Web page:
Howe’s efforts here work in a way parallel to Anne Carson’s Nox, another work of mourning that collages and adumbrates rather than articulates grief. Julie Carr’s work also partakes in this reticence, albeit without actually trimming sentences with scissors. Carr doesn’t even try to finish her sentences. Or her poems. She frankly offers “Fragments” and “Abstracts,” presumably in contrast to representations or narratives. She does, however, structure and formalize her grief: these abstracts and fragments follow patterns, with lists and sonic ordering. She knows that “philosophy begins when one stops trying to describe things,” when “one chooses / Not to describe the curled edges of a book jacket the sweat sliding / Along a boy’s jaw,” and so on (21). But she does not want to be a philosopher: as a poet, she must attempt description. She tries to “give up the meaning of words” (24) or at least, it seems, control of that meaning; she allows sound and associative memory to generate sense. All her attempts accumulate into a “piece of language, fallow in the lap of the wave… silent, self-charged, struck with sun” (74).

Sarah—Of Fragments and LinesEven aware of her writing’s inevitable failure to alter or prevent it, she finds herself impelled and compelled to express her mother’s decline into Alzheimer’s and her child’s gestation in fragments and lines. This is quite a different solution than that of Howe who does seem to stop trying to describe things. Carr gives us “Lines for what is Broken” and “Waiting Fragments,” “Pregnancy Fragments,” “Death Fragments,” and even “Lines for Revision.” These poems do not expect to be taken whole like a living breathing body, but to be received like a tin of old photographs, flipped through, savored or mixed with one’s own memories. Where Howe cuts and pastes images from the Edwards’ lives to represent her own grief, Carr offers a scattering of her own past life to show what is transformed in this decline of her mother and in her own shift into motherhood.

Playing sonically, she allows assonance and consonance to evoke associations: “Zebra and xylophone cyclone and sorrow” (9). Torn between her developing child and her departing mother, she finds similar tensions and distension in English:  “To enter or to inter. // Both rely on the earth” (44). Led from sound to etymology toward a conclusion, she sees in “the blood of the infant // a something that // forgets    erodes: from rodent the // not /knowable the / gnathic” (28).  Occasionally, she retreats into declarative sentences that fall short of her more vivid lines; for example, “It would be absurd to imagine the absent person in the margins of the book” (10) or “To write is audacious” (59). Such lines assert themselves with an almost ironic authority; as in Howe’s book, attempts to articulate in some kind of clear, volta-like line, an assessment about life’s commencements and departures folds in on itself, a structure the fragility of real experience can’t support.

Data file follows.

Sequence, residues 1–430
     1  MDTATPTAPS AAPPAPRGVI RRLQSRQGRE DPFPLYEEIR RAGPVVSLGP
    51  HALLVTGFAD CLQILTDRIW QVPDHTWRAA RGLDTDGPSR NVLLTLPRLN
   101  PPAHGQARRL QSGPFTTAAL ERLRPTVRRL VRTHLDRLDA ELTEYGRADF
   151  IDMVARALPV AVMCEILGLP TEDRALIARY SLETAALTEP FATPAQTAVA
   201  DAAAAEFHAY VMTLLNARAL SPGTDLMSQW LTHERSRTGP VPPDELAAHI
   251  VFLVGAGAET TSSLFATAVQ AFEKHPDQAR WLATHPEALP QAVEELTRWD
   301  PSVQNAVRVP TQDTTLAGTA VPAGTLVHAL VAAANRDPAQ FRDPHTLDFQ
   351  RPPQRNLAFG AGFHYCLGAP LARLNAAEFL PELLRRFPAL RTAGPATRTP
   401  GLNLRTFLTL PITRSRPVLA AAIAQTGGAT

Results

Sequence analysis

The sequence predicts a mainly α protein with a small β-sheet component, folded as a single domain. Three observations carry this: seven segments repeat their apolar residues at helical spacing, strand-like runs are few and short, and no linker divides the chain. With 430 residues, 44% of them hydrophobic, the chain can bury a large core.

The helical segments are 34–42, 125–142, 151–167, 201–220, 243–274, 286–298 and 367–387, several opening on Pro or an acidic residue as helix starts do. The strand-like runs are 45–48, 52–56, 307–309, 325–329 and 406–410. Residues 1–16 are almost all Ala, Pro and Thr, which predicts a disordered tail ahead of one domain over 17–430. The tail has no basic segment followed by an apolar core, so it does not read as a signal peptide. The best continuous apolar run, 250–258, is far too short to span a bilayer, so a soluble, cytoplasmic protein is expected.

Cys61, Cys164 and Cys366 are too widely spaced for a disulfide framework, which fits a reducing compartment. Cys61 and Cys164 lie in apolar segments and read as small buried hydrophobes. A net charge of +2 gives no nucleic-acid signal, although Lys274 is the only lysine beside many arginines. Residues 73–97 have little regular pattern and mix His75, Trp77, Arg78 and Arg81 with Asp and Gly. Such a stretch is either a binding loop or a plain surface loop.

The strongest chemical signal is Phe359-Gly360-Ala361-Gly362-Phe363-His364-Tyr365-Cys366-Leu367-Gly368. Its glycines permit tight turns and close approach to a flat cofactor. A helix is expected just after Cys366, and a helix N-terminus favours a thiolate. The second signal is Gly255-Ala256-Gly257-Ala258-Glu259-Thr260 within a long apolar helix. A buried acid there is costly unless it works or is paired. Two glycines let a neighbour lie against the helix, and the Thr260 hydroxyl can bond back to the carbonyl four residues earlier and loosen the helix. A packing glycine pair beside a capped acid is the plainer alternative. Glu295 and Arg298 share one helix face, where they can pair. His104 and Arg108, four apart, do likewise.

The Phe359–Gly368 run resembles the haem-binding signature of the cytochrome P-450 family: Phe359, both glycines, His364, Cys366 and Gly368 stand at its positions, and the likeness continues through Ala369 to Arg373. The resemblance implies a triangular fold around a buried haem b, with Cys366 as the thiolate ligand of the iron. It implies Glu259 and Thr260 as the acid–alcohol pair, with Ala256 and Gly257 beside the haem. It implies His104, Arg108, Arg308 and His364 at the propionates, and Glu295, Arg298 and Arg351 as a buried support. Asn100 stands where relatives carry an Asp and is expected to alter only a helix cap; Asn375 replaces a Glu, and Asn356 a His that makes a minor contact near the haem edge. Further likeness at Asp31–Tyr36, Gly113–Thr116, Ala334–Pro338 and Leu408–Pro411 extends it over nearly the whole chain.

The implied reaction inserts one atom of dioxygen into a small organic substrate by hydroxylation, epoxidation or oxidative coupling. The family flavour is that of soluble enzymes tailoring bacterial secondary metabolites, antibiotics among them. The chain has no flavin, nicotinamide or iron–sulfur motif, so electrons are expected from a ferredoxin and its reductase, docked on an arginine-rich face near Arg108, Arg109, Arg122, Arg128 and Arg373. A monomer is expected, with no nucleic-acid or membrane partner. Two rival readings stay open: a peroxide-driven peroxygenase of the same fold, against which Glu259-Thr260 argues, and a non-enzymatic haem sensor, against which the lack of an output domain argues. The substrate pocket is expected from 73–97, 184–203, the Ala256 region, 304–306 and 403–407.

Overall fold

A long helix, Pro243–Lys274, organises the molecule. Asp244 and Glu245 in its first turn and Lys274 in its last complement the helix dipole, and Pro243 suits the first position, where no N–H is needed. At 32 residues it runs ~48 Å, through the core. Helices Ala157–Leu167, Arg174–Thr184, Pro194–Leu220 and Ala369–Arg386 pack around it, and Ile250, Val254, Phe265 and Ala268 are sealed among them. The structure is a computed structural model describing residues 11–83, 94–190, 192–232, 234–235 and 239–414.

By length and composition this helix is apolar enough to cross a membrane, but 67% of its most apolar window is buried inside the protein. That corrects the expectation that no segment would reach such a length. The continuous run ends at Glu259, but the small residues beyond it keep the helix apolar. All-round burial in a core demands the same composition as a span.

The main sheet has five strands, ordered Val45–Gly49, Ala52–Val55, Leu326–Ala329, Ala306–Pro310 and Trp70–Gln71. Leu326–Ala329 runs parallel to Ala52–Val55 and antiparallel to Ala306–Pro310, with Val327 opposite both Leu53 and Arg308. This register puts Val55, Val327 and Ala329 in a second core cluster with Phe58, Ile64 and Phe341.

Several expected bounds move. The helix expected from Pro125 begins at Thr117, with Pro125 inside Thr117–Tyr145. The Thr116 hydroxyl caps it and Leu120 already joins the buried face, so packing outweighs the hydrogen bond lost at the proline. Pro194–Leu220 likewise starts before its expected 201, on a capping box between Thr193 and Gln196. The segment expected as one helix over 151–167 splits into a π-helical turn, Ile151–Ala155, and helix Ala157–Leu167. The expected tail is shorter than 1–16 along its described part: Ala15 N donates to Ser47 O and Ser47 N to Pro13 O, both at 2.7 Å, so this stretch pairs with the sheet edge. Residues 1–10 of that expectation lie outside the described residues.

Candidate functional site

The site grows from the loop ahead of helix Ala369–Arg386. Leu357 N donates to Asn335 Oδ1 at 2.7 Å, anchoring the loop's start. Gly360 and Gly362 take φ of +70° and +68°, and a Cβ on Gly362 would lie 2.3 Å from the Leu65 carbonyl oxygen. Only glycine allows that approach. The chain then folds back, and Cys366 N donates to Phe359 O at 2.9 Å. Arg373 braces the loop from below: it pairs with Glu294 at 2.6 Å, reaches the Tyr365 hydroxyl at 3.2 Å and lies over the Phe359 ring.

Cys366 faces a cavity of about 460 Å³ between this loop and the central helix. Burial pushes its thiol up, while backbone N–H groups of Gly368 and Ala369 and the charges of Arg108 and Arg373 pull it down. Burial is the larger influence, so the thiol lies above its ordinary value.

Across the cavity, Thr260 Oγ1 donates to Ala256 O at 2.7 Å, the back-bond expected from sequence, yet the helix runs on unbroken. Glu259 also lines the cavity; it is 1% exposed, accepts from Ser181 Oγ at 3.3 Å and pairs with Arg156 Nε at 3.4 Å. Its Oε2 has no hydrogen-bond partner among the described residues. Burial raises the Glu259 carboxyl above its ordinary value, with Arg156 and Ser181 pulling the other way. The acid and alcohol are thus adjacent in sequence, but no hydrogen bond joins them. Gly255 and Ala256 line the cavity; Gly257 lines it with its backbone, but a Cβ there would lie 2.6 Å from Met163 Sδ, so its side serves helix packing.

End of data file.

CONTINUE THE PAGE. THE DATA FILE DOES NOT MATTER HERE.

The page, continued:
I found Howe’s book magnificent; I found Carr’s book understandable, sympathizing with her motivations and envisioning how grief led her to these stylistic choices. Having lost neither husband nor mother, I felt shy before both.  But as a poet, I drew close, wondering how each suffered writing—or not being able to write—about these events.  At what point is it acceptable to begin to write?  Must we mourn and then write? Or can we write as a form of mourning? In one sense, writing always denies or turns from death, disrespects its finality. Writing always begins: each poem is a new thing, like a child.  The acting of writing is an act of creating, akin to giving birth, to reproducing; our very cells feel that as a denial of death.  In another sense, the end of each poem and the end of each book enacts a little death that we entwine into our own lives. We seek out that experience, as if to practice—as if that were possible—for the real fact of ending, one that must come as abruptly and preemptively as the trimmed lines in Howe’s book.   

Kascha Semonovitch writes and sometimes teaches philosophy in Seattle. She has a doctorate in philosophy from Boston College and an MFA in poetry from Warren Wilson College and a great deal of undocumented experience in motherhood, love, and travel. Her poems have appeared in Southern Review, The Kenyon Review, Crab Creek Review, and other journals.